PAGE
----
Is it France or Switzerland?
At the foot of the Jura mountains, not far from the suburb of Geneva where I live, is a lonely road I like to cycle in the mornings for exercise. It’s not mountainous, but the route climbs several sizable hills that get my heart pumping. Cattle graze lush fields as their bells clank in harmony. I ride through forests full of fragrant pines and birch that turn a rusty gold in the autumn. The views to the south open out to Lac Leman, and beyond, the needle-sharp summits of the Alps. Above it all looms the vanilla ice cream cone of Europe’s highest peak, the Mont Blanc. Often, I don’t see another person for most of the ride.
What I love about this loop is that at a certain point I cross the border between Switzerland and France. It’s not well marked, and so often I exist in a kind of geographical limbo, not sure which country I’m pedaling through at a given moment.
There’s a term popular in anthropology and sociology that applies to this experience: liminal. It’s an in-between space, a period of change where you’re not what you once were but not quite what you’re going to be. Anthropologists have used it to describe the moment in coming-of-age ceremonies (Confirmation, Bar or Bat Mitzvah) or at weddings when things are indistinct, in transition.
In the current decade, the phrase has come to take on a more complicated meaning, whether it’s describing people whose lives are in transition (say regarding work or living space) or to refer to people who feel “in-between” various cultural labels, whether they be gender, race, or nationality.
In a great article, At Home in the Liminal World in Nautilus, Pamela Weintraub explains how the concept of the liminal is becoming increasingly prevalent in our globally-interconnected world. A new group of people are emerging who comfortably exist in a state of transition. Some are global nomads who spend half the year teaching English in Hanoi and the rest of the year traveling Southeast Asia. Others have never left their home country, but work as freelancers with no set place of employment, and must navigate constantly shifting business cultures. As Weintraub observes:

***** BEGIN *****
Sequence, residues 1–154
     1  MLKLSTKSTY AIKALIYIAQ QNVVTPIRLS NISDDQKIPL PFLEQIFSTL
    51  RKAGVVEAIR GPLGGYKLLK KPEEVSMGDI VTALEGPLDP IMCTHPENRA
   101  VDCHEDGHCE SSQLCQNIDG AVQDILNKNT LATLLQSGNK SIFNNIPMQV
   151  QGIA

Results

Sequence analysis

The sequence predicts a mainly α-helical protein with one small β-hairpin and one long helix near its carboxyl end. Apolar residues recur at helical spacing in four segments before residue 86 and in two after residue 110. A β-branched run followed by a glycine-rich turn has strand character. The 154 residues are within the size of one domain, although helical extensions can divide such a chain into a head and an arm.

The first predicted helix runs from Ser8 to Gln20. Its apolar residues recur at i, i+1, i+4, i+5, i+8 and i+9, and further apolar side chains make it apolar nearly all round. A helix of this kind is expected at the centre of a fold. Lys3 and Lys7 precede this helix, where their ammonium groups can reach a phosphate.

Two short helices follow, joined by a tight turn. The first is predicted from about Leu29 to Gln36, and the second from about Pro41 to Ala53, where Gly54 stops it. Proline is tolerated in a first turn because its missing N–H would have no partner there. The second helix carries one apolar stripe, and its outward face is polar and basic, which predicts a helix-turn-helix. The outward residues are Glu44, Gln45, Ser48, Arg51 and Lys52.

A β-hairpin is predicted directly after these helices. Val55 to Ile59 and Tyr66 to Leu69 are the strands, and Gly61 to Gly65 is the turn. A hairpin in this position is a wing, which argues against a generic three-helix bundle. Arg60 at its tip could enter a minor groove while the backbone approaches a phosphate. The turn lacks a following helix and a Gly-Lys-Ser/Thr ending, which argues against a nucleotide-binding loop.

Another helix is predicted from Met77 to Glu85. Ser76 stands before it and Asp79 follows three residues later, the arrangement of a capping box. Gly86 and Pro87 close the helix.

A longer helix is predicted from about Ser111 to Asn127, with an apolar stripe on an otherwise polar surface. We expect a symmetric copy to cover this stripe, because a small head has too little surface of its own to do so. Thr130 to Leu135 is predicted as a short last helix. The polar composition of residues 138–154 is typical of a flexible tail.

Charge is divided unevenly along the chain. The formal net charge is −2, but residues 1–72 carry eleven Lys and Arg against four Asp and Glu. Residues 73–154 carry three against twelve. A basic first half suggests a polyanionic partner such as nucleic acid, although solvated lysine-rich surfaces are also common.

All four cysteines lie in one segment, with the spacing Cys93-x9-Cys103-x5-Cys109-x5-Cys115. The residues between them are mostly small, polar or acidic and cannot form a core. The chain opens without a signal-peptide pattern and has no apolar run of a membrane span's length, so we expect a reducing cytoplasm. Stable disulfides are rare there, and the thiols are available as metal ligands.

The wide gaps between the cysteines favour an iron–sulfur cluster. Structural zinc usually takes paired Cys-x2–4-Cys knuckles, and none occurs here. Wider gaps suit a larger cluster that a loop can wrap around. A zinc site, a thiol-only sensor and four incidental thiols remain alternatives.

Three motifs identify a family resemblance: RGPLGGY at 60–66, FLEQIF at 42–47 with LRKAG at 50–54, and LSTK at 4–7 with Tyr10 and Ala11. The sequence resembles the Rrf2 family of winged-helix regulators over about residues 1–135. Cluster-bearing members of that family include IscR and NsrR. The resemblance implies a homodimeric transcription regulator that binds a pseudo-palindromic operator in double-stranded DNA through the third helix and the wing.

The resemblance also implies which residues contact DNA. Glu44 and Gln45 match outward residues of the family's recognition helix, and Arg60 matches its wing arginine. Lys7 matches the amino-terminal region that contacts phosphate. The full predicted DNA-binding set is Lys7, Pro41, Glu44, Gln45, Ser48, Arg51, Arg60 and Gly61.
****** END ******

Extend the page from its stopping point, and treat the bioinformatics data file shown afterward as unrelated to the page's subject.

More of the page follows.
In recent years, anthropologists have spotlighted a new generation at “home in the diaspora,” in Behar’s words. For them the liminal is not life’s interlude, but life itself. While being uprooted results in lost jobs, broken relationships, and, as cultural anthropologist Anthony D’Andrea says, “displaced minds,” scientists are finding benefits to life in the liminal lane. The more time we spend in alien realms, they say, the more likely we are to perceive the world in ways we could never otherwise imagine, evoking a perfect backdrop for fevered creative work, learning, and personal growth. “When you thrust yourself out of your usual context,” Behar says, “you find out who you are.”
I’ve lived overseas now for six years, first in Vietnam, and now in Switzerland. My daughters are definitely third culture kids who barely remember what it’s like to live in the U.S., and now speak fluent French, debate which variety of pho noodle soup is best, and keep connected with a network of friends across the globe. We’ve been living in a metaphorical liminal zone for some time, and soon we’ll be approaching the transition back to the U.S. That should provide plenty of challenges and the excitement of uncertainty.
One of the things I love about my liminal bike route at the foot of the Jura is that the border is ignored. Not long ago, I did discover two little stone markers overgrown with grass, so now it’s a little less “in between” when I ride. And in the wake of recent terrorist attacks, there’s talk of eliminating open borders in Europe’s Schengen area. I suppose that might be necessary for safety’s sake. But I like to imagine a day without enforced borders anywhere, when we’re all comfortable cycling through liminal space.